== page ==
So says the assistant headteacher of this school in Bradford, which was meant to show what the government’s flagship school building programme will do for Britain’s children. Instead, it’s more evidence of how it’s failing them.

John Petrie knows better than most that the government’s schoolbuilding programme isn’t working. He is assistant headteacher at Tong school in southern Bradford and he’s been involved with the £45bn Building Schools for the Future initiative since November 2002. Tong’s 1,450 pupils were supposed to move into shiny new premises in September, but Bradford’s £400m deal has yet to reach financial close after nearly a year of contract wrangles with Integrated Bradford, an Amey-led consortium. Now the expected completion date has been put back to September 2008.

Petrie is fed up. “It’s ridiculous. The actual design work was exciting, but when it comes to the lawyers and institutions getting involved it becomes tedious. It’s a fantastic idea – let’s improve all the schools – but it’s become a building and procurement exercise rather than an educational exercise. It’s a marvellous thing to do, but it’s a stupid way to do it.”

Petrie’s is one voice in a chorus of complaints about BSF. It was launched in 2004 with the aim of building or refurbishing 3,500 schools by 2019; to hit this target, £3bn of work has to be commissioned every year for 15 years. BSF is now in its third year, but only one deal has reached financial close: a £173m scheme in Bristol.

According to a Construction Products Association report released next week, the scheme is falling far behind its target of building 350 schools by April 2008. By July this year, 30 authorities had identified 338 new schools for development, but only eight had appointed preferred bidders. “The intention is good but there’s a gap between the intention and what’s happening on the ground,” says CPA spokesman Simon Storer. “There’s a lot of catching up to be done.”

What’s going wrong

Last week, Building revealed that the Department for Education and Skills has asked consultant Pricewaterhouse Coopers to conduct a six-month review into BSF. Petrie could give the PwC team some ideas on where to start. He says the process is badly managed and that the local authority clients are under-resourced. “There’s a lack of capacity within councils and there’s a lack of continuity all over the place – within the council, within the DfES, with one part not knowing what the other’s doing.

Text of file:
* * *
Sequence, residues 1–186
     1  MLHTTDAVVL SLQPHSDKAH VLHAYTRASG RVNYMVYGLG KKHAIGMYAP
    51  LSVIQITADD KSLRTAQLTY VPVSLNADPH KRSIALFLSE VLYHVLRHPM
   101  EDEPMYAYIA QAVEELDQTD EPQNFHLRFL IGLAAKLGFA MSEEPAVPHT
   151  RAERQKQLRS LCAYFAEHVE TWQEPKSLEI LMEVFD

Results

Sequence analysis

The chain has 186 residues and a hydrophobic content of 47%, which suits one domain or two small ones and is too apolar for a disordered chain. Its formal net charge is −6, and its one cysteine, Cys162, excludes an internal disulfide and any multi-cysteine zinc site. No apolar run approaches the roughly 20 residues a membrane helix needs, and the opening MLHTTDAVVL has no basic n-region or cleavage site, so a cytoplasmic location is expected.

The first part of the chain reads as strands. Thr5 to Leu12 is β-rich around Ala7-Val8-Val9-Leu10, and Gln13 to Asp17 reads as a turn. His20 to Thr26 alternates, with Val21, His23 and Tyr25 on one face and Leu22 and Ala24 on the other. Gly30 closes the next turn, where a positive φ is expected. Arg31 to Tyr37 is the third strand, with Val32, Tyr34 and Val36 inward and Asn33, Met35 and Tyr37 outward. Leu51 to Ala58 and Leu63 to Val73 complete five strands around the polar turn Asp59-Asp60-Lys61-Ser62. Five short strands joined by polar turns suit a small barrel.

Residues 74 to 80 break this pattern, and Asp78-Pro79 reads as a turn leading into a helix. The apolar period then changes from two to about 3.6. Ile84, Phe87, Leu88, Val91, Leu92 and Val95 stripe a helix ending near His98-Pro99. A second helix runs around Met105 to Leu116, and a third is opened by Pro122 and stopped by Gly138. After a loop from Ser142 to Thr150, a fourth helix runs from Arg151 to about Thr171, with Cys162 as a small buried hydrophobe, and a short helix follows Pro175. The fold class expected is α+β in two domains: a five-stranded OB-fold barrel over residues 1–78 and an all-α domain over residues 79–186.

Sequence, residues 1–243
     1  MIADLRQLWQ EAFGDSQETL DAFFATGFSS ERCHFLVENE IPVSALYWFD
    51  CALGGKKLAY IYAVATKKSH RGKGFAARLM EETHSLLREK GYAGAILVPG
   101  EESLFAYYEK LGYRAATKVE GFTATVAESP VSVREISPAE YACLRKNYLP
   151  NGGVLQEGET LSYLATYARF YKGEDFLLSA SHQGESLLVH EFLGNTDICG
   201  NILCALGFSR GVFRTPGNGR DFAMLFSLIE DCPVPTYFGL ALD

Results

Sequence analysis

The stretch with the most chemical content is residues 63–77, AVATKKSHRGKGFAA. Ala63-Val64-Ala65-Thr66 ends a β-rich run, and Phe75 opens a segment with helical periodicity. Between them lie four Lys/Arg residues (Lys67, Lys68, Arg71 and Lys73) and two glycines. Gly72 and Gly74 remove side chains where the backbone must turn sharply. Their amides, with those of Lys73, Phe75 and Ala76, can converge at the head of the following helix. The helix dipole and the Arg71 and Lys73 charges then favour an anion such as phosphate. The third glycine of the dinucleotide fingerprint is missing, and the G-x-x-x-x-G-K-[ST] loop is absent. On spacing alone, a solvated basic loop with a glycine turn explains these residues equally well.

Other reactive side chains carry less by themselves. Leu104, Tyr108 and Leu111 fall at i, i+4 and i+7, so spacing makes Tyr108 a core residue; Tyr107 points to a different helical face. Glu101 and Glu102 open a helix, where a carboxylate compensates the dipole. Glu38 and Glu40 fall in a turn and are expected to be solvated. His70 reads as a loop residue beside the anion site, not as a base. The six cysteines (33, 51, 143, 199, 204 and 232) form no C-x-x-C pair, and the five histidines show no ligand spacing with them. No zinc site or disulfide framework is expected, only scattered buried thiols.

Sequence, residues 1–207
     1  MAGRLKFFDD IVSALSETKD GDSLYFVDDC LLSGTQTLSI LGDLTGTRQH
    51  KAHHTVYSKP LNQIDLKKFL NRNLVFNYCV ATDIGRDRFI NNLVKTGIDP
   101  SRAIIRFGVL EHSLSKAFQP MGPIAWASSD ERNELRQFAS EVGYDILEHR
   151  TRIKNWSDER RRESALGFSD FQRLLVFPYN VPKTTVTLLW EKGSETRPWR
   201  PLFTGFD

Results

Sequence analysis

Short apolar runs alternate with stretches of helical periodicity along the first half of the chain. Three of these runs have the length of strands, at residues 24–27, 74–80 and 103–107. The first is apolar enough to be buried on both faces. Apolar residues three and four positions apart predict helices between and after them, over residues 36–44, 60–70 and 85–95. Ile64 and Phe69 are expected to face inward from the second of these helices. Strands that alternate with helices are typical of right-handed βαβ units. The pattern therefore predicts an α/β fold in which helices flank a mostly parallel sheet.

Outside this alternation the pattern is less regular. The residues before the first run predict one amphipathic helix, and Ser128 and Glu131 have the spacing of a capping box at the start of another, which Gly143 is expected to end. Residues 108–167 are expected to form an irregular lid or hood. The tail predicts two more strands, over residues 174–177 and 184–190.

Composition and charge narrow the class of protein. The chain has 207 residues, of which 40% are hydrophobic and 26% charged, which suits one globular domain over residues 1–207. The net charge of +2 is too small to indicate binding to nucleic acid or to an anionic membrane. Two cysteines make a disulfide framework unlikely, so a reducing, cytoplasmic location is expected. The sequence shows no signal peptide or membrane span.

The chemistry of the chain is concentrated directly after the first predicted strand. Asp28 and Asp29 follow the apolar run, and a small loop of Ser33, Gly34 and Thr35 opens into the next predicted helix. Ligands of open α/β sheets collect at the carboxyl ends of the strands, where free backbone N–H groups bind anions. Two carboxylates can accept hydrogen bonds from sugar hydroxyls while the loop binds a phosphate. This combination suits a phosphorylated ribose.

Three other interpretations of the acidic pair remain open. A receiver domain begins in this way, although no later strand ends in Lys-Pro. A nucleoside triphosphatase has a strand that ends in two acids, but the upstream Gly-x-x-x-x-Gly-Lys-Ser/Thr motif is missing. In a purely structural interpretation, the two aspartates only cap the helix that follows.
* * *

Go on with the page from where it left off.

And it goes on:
“Consortiums are not greater than the sum of their parts – the parts don’t work together. You might get the IT part not talking to the facilities management part or the builder.”

It’s not all bad news. BSF schemes at Sheffield and Greenwich, south London, are well-regarded and nearing financial close, and there’s a sense that things are finally beginning to happen. Councils, schools and contractors praise the aims of the programme, which links educational objectives with the provision of buildings and technology. Like Sheffield, Greenwich and Bristol – where the first school will open in September 2007 – Bradford is a pathfinder, and could therefore have been expected to suffer from teething troubles. But as the successive waves of BSF projects roll in, there are echoes of the criticisms of Bradford across the country.

‘The PFI on heat’

One exasperated contractor describes the intense procurement process as “PFI on heat”, but it can also be cumbersome to the point of stasis. Chris Gilmore, who runs HGB’s education programme, sums up the contractors’ view: “We’re keen on BSF; it’s a huge chunk of work. But bidding is tortuous and extremely expensive. We spent £1.5m on the Bristol bid and came third. We need to have a 50% success rate otherwise it’s far, far too expensive.”

BSF is an even more complex process than PFI, mainly owing to the bolting-on of a “local education partnership” (LEP) to manage the building programme in each area. This is a special-purpose company set up by the local authority and the winning consortium. None has been set up so far, however, and there are wild variations between authorities’ interpretations of their size and make-up, the scope of their responsibility and whether they include non-construction elements such as IT and facilities management.

Procurement is tough on councils, too. Even before a notice can be published in the EU’s Official Journal, each council must have had an education vision, and worked out separate strategic and outline business cases that have all been signed off by the DfES.

Once negotiations with suppliers begin, there are standard documents, but they almost inevitably require modification, which is proving to be a lengthy process of to-ing and fro-ing with Partnerships for Schools (PfS), the government body appointed by DfES to run the programme. As one jaded contractor remarks: “Just because there are standard documents, it doesn’t mean the bidders will be comfortable with them.”

Stan Johnson is joint project director at the £142m South Tyneside and Gateshead BSF project (STaG). This scheme is in the process of whittling a longlist of consortiums down to three. “It’s good to have a set of documents that are more or less ready, but councils may have difficulty adapting them,” he says. Because STaG is a joint project, he adds, the documents needed a fair bit of alteration. “This has been a challenge, especially with proposed derogations, which meant lengthy discussions with Partnerships for Schools before they’d sign them off.”

One of the biggest problems with BSF is the capacity of the local authorities to manage such a process. STaG is one of the better resourced projects, with a designated team and administrative support, but Johnson has carried out peer reviews on other authorities and says few have the same capacity.